Nomination exposes fissures in Zanu (PF), opposition

Disgruntled Zanu (PF) members aspiring to stand in the June 10 by elections have filed their nominations as independents as fissures within the ruling party worsen.

Harare Provincial chairman, Goodwills Masimirembwa.
Harare Provincial chairman, Goodwills Masimirembwa.

The Election Resource Centre (ERC), in a recent review of the April 16 nomination process, also said rebellious aspirants from MDC-T and the Renewal Team also decided to run as independents.

This is in defiance of the two parties’ decision not to participate in any form of elections until there is meaningful electoral reform.

Fourteen seats are up for grabs following the recent expulsion from parliament of MPs from the Renewal Team.

MDC-T successfully lobbied Jacob Mudenda, the speaker of parliament, to expel 21 Renewal MPs and senators, but there will be no by-elections in seven seats that were obtained on a proportional representation basis.

The Renewal Team, which was virtually led by Tendai Biti, was formed early last year when a substantial number of senior members broke away from Morgan Tsvangirai, accusing him of leadership failure.

According to ERC, the Zanu (PF) fissures were also demonstrated by party candidates double filing their papers at the nomination courts.

“Internal party fissures within Zanu (PF) were exposed as witnessed by double aspiring candidates in Harare East.

“There were also reports of Zanu (PF) aligned independent candidates who successfully filed their papers due to the fact that they were aggrieved by the dramatic expulsions from the party and the subsequent manipulation of primary elections leading to the nomination day,” said ERC.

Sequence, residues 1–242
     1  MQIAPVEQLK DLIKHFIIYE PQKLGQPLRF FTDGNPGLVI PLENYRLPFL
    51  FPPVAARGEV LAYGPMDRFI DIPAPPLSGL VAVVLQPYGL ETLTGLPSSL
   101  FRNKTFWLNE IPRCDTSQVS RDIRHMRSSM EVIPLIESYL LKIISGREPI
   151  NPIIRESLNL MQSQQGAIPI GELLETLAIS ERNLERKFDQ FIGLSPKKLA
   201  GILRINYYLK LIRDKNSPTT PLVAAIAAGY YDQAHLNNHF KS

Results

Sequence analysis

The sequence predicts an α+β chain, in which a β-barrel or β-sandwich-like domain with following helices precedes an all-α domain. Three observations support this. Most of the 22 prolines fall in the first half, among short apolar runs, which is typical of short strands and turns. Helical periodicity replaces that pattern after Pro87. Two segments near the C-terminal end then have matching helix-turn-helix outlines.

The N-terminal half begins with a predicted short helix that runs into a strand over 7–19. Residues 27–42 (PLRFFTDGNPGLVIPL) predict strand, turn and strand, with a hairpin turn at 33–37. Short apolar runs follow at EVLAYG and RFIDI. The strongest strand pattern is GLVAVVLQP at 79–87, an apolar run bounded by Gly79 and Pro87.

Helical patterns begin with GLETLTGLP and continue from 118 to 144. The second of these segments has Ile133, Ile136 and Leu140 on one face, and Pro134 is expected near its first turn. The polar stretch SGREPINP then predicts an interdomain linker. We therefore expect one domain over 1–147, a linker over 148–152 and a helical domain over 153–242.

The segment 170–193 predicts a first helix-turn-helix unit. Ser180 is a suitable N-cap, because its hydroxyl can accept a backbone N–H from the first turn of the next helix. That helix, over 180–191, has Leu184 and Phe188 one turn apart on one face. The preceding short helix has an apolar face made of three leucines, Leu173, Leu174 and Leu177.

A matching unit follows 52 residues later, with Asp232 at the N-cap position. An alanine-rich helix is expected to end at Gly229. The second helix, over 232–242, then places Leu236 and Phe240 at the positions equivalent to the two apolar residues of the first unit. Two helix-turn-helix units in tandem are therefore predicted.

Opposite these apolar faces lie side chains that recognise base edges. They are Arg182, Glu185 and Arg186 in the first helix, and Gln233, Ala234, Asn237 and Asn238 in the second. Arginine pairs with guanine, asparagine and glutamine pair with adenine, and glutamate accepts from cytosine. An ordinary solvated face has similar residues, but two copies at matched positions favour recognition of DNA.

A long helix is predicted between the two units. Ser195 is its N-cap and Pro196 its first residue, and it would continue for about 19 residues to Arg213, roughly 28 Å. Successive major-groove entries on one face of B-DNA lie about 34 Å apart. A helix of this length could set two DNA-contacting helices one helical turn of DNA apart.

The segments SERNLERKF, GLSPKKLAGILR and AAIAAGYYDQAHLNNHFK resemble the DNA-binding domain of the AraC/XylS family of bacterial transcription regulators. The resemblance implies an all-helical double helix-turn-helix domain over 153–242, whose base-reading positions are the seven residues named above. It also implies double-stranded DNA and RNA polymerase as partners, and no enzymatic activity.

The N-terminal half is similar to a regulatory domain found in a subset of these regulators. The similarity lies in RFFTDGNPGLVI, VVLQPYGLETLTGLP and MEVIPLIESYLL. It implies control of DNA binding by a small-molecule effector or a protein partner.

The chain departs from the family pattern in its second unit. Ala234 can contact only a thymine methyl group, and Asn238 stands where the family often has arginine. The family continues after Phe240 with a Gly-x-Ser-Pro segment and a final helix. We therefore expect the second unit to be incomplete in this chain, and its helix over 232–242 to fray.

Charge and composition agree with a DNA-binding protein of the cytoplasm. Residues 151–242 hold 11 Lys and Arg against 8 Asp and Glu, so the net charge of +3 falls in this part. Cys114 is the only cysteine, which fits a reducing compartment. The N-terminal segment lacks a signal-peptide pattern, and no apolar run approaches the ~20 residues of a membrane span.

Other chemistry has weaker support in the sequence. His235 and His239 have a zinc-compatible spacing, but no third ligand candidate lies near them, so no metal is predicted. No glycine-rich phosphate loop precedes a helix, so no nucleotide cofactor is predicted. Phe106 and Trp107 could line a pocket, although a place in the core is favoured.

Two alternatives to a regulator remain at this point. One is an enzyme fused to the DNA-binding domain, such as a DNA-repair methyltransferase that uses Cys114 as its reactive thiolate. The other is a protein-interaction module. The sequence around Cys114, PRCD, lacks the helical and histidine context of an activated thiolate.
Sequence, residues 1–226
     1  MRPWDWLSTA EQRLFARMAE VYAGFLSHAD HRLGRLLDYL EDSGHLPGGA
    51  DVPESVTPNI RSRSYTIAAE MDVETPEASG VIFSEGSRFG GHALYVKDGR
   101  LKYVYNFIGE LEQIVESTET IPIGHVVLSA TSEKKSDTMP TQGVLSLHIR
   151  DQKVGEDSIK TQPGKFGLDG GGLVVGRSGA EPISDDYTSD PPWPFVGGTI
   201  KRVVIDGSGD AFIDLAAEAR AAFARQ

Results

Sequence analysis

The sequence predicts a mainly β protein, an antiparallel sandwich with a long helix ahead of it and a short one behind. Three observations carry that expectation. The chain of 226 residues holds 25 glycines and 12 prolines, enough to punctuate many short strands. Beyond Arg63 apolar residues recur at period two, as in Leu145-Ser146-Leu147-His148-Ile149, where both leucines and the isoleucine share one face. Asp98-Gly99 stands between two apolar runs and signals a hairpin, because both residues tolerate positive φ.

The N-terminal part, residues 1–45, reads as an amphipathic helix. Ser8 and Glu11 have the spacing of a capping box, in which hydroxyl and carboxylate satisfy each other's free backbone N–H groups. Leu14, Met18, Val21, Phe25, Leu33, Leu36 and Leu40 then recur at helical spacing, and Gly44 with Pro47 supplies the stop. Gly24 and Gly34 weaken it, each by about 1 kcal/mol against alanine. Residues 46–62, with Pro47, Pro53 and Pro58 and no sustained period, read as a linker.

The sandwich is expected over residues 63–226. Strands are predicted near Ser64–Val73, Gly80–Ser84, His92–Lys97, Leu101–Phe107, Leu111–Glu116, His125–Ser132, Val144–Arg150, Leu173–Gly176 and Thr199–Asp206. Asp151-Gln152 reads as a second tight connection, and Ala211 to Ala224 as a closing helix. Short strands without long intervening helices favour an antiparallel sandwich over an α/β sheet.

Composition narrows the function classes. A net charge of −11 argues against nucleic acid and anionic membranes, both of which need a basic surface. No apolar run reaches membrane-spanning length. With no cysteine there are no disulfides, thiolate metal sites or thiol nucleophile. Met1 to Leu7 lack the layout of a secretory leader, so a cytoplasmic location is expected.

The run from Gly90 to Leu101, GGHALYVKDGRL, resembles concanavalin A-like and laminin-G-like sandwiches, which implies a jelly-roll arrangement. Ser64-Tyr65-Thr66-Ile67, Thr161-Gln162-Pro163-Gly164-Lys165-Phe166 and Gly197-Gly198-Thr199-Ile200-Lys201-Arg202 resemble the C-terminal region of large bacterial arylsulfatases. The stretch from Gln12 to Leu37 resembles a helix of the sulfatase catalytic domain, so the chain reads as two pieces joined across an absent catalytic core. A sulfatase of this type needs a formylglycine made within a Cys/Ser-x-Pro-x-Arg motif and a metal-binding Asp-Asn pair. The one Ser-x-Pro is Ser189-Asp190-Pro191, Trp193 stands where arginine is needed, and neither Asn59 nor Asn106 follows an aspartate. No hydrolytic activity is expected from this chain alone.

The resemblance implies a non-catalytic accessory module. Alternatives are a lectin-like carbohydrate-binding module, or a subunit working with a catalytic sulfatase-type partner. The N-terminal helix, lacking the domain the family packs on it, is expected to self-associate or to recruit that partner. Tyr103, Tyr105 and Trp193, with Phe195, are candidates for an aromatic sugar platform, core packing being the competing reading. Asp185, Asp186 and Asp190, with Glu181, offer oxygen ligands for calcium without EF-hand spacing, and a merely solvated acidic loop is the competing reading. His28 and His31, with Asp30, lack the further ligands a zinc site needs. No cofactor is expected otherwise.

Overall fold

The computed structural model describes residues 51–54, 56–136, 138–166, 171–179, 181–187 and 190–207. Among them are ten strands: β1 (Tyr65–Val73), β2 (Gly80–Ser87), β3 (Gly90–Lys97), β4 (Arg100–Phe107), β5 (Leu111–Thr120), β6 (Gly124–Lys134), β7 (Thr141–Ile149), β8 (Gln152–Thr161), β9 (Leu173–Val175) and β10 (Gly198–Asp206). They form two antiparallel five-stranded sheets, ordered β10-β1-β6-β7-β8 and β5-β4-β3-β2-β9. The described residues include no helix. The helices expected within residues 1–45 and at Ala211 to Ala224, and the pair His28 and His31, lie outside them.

The election watchdog added that incognito party candidates from the Renewal Team and MDC-T emerged, in some cases adopting names and symbols that closely resembled those of the two parties.

The Zimbabwe Electoral Commission (ZEC), however, rejected the papers from the aspiring candidates, according to ERC, and no candidates attempted to file papers under the two parties.

One of the expelled Renewal Team MPs who decided to defy his party is Albert Mhlanga.

According to ERC “his decision to contest might be indicative of his belief that he still enjoys popular support in the area regardless of party affinities.”

It added: “If he succeeds, it will indeed vindicate the position that probably the MDC-T decision wasn’t popular with the masses.

It will also prove the notion that at times the electorate vote for personalities and their merit as opposed to their political parties.”

ERC said Zanu (PF) could have unduly influenced the nomination process. “There was suspicious close interaction between the nomination court officials and the Zanu (PF) top hierarchy, especially their Harare Provincial chairman, Goodwills Masimirembwa,” said ERC.

The watchdog said the nomination officer in Harare riled prospective candidates by continuously talking on her phone, raising the suspicion that she was receiving orders from unknown people.

ZEC has for a long time been accused of working under the guidance of Nikuv, an agency accused of helping Zanu (PF) rig elections, the ruling party and intelligence operatives.

While the nomination fee was pegged at $50, ERC said “a notable number of prospective candidates struggled to raise the needed money.”

The election watchdog described the nomination process in Harare as slow, possibly owing to poor awareness campaigns by ZEC.

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